Seven months into their deployment, Howard said the brigade has reduced civilian casualties resulting from enemy activity by 49 percent.
“The numbers have dropped because your Soldiers made them drop,” Howard exclaimed. “U.S. fatalities and casualties are way down as well. The numbers of Soldiers wounded in combat has dropped 57 percent as compared to the last unit in this battlespace in the seventh month of their deployment. Fatalities are way down as well, 80 percent in this area compared to the last unit.
“There’s a number of reasons for this,” Howard elaborated. “Obviously the last unit had a tremendous effect on the enemy, your Soldiers are having a tremendous effect on the enemy and the third reason is the Army is resourcing us with some really spectacular equipment.”
Howard said the brigade has completely replaced all of the unit’s Humvees with mine resistant ambush protected vehicles which use a v-shaped hull to greatly enhance Soldier protection from roadside bombs.
Howard said overall violence has dropped five percent, a remarkable feat considering violence has risen in other parts of Afghanistan.
|Paratroopers from 3rd Platoon, B Company, 3rd Battalion, 509th Infantry Regiment, 4th Brigade Combat Team (Airborne), 25th Infantry Division prepare to load a Chinook in the Bermel District of the Paktika Province in eastern Afghanistan Oct. 13 during an air assault mission.|
“When we arrived seven months ago, we were told we had inherited the most violent battlespace in the country,” Howard said. “Well, enemy activity has dropped every month since May in our area.”
Howard attributed the drop to a novel approach, using a bullhorn to call insurgents out of a building rather than sending coalition or Afghan forces in to root them out.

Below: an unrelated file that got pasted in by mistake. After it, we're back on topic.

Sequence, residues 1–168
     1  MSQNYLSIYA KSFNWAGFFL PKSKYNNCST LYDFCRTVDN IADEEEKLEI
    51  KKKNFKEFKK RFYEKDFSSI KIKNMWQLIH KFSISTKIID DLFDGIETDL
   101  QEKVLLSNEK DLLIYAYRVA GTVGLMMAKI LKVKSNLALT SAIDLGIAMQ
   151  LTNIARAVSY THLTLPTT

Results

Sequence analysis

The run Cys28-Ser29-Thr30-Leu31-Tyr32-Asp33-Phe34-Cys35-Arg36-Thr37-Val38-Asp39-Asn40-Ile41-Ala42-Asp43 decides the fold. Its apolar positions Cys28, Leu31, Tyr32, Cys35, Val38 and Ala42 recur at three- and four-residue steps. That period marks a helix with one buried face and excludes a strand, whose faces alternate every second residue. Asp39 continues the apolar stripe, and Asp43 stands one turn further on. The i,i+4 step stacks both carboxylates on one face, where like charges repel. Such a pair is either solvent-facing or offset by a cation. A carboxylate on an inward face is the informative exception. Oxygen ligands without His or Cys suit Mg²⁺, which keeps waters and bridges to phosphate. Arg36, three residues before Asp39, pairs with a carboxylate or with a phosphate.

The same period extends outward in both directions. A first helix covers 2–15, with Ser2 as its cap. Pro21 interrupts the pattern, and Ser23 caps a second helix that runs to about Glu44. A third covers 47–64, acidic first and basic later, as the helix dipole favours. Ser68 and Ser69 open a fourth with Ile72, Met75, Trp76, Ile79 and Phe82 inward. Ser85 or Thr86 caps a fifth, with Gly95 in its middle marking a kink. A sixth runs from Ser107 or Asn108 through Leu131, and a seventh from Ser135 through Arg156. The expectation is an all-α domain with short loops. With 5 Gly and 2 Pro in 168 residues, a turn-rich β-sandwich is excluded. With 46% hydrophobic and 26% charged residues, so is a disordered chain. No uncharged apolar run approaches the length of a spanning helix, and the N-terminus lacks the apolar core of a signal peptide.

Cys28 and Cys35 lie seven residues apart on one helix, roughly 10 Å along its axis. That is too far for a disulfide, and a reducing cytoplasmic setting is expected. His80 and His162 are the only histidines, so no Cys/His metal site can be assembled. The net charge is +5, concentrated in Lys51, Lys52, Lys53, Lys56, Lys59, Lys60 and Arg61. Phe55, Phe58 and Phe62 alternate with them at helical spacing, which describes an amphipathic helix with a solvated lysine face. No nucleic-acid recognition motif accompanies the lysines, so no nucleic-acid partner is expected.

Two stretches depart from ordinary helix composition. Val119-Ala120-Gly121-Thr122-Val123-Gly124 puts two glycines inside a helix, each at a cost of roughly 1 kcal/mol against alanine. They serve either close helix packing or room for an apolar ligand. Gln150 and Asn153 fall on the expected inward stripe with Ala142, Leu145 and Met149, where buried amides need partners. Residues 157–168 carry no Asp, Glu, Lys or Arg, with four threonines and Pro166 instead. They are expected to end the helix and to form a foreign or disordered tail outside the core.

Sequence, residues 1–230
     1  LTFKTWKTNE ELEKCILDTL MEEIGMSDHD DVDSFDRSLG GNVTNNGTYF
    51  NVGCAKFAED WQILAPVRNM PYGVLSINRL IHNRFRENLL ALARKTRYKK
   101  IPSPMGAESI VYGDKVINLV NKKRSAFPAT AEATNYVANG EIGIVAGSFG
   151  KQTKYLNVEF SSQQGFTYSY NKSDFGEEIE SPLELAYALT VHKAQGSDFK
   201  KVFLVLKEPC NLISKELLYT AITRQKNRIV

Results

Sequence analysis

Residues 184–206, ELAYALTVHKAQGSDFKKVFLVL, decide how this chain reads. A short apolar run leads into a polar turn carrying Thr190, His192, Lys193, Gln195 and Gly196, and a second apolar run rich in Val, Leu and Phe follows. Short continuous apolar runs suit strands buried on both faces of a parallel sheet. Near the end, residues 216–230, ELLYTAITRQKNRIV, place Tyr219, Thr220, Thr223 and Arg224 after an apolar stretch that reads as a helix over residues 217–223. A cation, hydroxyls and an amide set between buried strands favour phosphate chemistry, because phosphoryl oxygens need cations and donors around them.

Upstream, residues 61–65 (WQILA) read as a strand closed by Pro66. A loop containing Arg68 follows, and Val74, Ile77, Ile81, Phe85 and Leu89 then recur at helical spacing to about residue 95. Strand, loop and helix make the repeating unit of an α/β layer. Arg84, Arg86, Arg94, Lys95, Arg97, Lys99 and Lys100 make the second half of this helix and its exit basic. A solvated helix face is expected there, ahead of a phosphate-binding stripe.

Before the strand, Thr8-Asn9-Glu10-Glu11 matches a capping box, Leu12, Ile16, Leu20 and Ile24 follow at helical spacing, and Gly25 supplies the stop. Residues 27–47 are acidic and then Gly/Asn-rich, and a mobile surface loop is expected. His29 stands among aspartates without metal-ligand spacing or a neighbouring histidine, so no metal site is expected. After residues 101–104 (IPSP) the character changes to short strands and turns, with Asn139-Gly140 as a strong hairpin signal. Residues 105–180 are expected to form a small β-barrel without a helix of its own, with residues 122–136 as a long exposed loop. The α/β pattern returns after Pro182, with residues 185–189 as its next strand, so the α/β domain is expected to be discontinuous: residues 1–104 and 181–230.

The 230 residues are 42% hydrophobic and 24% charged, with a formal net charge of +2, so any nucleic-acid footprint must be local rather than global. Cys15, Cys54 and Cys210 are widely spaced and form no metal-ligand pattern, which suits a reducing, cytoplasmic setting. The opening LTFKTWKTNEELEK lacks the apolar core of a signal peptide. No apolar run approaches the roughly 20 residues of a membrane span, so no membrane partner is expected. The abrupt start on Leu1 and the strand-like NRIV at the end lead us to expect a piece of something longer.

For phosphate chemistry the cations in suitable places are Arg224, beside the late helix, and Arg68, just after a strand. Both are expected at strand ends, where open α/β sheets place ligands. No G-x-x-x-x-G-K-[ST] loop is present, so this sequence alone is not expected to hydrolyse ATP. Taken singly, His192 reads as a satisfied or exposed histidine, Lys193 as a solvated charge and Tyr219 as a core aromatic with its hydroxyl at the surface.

“We’re doing a much better job of taking bad guys off the street,” Howard related. “The vast majority of these guys that are arrested are now done without any shots fired and a major change is most of these guys are taken off the streets by Afghans with U.S. Soldiers simply supporting.”
Howard said insurgent forces are targeted in depth, often calling them out in the local media to turn public opinion against the enemy. Partnering with the Afghan people to improve infrastructure also helps to diminish insurgent influence.
“The Soldiers make a huge difference in ways other than fighting,” Howard added. “We’ve all heard (U.S. Central Command commanding general) Gen. (David H.) Petraeus say we’re not going to shoot our way out of this war. Your Soldiers are taking this to heart and are involved in many initiatives to improve the lives of Afghans they live among.”
Howard said the brigade has partnered with P2K officials to place 390 kilometers of road under construction with another 128 kilometers planned. The brigade has administered the restoration of 29 schools, five medical facilities and three court houses. Additionally, the brigade has facilitated vocational training for more than 3,000 young adults in agriculture, livestock management, construction and the rule of law.
Last August, the brigade partnered with Afghan security forces to ensure peaceful presidential elections in P2K.
“It was secured and run by Afghans,” Howard said. “This is my fourth tour in Afghanistan and by far this event involves more national pride than any other single event I have seen.”
Howard said although the brigade has not jumped out of planes during the deployment, they bring the airborne élan to everything they do.
“We are an airborne brigade and we can jump out of airplanes but we can also do (helicopter) air assaults (and) drive around in MRAPs,” Howard explained. “This is a very versatile group of young men and women. If you ask this group...to put on a circus, you give them 24 hours and they would come back and give you Ringling Brothers and Barnum and Bailey. That’s what they bring to the fight.”
With seven months of deployment under their belt, Howard said the brigade is vigilant to finish out the remainder of the combat tour strong.“There’s still a lot to do and there’s still a lot of challenges remaining,” Howard said. “There’s a lot of danger left to be faced, but be assured the paratroopers, your paratroopers, are up to it. They aren’t going to let you down, they’re not going to let themselves down and they’re certainly not going to let the nation down.”